"Our livelihoods have improved because of the proceeds of the sales of these Bvumbwe tomatoes. Because of them I can now afford school fees. I bought dairy cows and pigs and can now feed my family properly," adds Matebule.

Before the programme, most children in the village did not go to school. Now enrolment is at 100%, which the community links directly to the income from agricultural product sales, especially the Bvumbwe tomatoes.

Change is also evident in the village's houses. Where previously they were made of mud and straw, thanks to new profits they are now built from bricks and with corrugated iron roofs. A few villagers even upgraded from bicycles to motorbikes, which handle the rough terrain better.

Matebule is not the only one in the village who's seen his life change.
Agnes Jakaramba began hers as a farmworker on other people's fields. Today she owns her own one-hectare farm on which she grows vegetables. "We irrigate early in the morning, then (again) later in the afternoon. I also fertilise my field. It's a hard life but I'm my own boss and I'm feeling good now," she says.

In Blantyre, support also comes from agri-business focused shops.

Austin Banda, operations manager in one of them, says: "We've been in business for around 20 years, providing technical support from seeds to harvesting. We started with one outlet and now we have seven," he says.

Banda's Blantyre shop is busy with farmers and other clients purchasing chemicals, seeds and fertiliser along with small implements and pumps. CCARDESA's Executive Director Dr Simon Mwale Mwale is emphatic about the success of the humble tomato.

"This is a success for three reasons: Firstly improving agriculture research among SADC member states, secondly it encourages innovations to flow from one country to another, and thirdly it encourages intraregional trade."
SADC's initiative for regional banking has helped member states improve their banking systems and broaden access for the region's citizens.

Banking has remained out of reach for millions of Southern African citizens, prompting regulators and banks to work harder to ensure that more than a privileged few benefit from banking services.

The SADC Protocol on Finance and Investment, signed in 2006, addresses some of these challenges. It seeks to accelerate growth, investment and employment in the region through increased cooperation, coordination and management of macroeconomic, monetary and fiscal policies. It also works to establish and sustain macroeconomic stability as a precondition for sustainable economic growth and for the creation of a monetary union in the region.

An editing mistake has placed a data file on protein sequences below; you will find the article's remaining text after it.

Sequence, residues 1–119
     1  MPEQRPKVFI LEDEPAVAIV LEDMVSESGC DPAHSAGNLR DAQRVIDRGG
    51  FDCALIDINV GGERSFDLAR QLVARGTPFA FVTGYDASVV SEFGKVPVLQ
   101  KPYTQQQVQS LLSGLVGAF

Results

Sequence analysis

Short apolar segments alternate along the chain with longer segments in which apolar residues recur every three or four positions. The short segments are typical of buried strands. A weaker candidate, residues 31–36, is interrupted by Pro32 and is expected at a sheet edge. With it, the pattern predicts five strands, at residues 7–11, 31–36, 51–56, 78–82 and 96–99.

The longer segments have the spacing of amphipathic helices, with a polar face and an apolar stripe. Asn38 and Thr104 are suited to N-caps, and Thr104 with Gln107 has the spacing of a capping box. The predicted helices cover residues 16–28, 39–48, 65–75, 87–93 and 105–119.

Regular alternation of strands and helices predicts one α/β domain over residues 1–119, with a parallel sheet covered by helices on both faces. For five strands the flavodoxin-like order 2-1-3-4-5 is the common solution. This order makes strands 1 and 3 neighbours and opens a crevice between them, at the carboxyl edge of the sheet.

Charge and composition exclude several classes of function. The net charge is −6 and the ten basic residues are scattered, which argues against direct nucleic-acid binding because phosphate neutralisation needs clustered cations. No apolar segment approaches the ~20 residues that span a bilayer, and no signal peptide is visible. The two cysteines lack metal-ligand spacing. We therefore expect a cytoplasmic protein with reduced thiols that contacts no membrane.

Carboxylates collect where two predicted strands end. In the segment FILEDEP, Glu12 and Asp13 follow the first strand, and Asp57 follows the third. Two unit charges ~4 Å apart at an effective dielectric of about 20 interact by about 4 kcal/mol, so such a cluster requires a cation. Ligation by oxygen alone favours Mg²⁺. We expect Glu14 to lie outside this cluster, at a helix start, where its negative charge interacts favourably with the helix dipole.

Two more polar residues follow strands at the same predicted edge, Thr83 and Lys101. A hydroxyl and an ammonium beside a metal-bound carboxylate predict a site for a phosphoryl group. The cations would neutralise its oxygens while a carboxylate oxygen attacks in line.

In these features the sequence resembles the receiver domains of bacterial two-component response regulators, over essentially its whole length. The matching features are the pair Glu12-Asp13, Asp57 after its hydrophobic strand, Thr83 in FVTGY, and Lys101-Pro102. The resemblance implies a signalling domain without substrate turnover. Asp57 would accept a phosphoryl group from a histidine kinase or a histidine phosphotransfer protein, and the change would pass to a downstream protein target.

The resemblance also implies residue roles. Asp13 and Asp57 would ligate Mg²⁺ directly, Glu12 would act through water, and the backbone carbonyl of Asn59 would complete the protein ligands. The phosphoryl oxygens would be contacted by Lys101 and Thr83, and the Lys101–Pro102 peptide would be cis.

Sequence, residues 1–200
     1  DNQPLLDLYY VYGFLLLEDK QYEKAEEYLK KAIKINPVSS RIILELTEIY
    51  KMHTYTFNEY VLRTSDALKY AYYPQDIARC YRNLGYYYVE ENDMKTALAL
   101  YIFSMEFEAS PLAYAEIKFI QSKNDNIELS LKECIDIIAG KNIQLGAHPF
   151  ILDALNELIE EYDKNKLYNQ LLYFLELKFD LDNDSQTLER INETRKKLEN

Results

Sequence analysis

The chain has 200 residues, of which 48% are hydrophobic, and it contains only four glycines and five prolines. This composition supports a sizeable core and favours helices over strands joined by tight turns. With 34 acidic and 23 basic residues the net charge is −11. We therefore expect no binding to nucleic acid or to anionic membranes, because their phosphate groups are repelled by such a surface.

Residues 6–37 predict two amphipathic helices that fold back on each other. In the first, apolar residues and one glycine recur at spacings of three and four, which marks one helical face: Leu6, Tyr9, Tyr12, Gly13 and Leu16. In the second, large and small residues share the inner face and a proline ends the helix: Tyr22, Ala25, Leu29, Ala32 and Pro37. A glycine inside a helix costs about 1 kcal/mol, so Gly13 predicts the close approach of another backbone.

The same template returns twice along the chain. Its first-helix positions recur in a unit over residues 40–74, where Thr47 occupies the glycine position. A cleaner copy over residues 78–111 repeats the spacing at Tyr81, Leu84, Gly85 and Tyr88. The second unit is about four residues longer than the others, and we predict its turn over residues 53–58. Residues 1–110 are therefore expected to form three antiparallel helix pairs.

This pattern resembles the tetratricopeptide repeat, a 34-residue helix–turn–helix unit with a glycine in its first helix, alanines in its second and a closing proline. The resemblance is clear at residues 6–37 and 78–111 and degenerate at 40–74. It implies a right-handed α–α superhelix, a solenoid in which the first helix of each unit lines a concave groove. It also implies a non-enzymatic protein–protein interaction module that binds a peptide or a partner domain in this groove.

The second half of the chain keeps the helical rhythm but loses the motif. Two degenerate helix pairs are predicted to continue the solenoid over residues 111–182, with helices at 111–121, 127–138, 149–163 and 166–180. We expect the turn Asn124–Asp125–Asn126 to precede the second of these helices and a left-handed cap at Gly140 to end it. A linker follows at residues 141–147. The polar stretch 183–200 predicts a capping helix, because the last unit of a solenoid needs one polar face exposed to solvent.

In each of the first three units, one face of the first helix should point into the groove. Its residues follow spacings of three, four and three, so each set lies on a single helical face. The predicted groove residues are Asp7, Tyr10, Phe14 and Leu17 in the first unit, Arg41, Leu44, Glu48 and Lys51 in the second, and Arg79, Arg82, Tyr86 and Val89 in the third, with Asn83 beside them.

One initiative for greater financial integration was the introduction of the SADC Integrated Regional Electronic Settlement System (SIRESS) as a cross-border payment solution. All SADC currencies, including the US Dollar, have been approved by the Committee of Central Bank Governors as settlements in SIRESS.

According to SADC Banking Association Executive Secretary Maxine Hlaba, the system is paying off across the region.
"We now have 83 participants on SIRESS made up of 76 commercial banks and seven central banks. Fourteen countries are now live on SIRESS, and we continue to bring on board more banks," says Hlaba.

She adds: "As at the end of April 2017, the total number of transactions settled through SIRESS was 733 597, representing a value of USD 244,7 billion."

There are also local benefits as the banking association has worked to help banks in member states to attain the necessary levels of delivery to join as well as to promote financial inclusion.
The SADC Regional Infrastructure Development Master Plan (RIDMP) and the SADC Protocol on Transport, Communications and Meteorology underpin regional development corridors. The Moatize-Nacala railway illustrates the benefits of corridors based on well-maintained infrastructure and seamless transport services.

In November 2016, the first train and coaches to travel between the coal fields of Tete Province in Mozambique and the new Port of Nacala set off. The railway, traversing Malawi, is an important link between the coal-producing province and the closest major port. The train's arrival at Nacala ushered in a new era for SADC.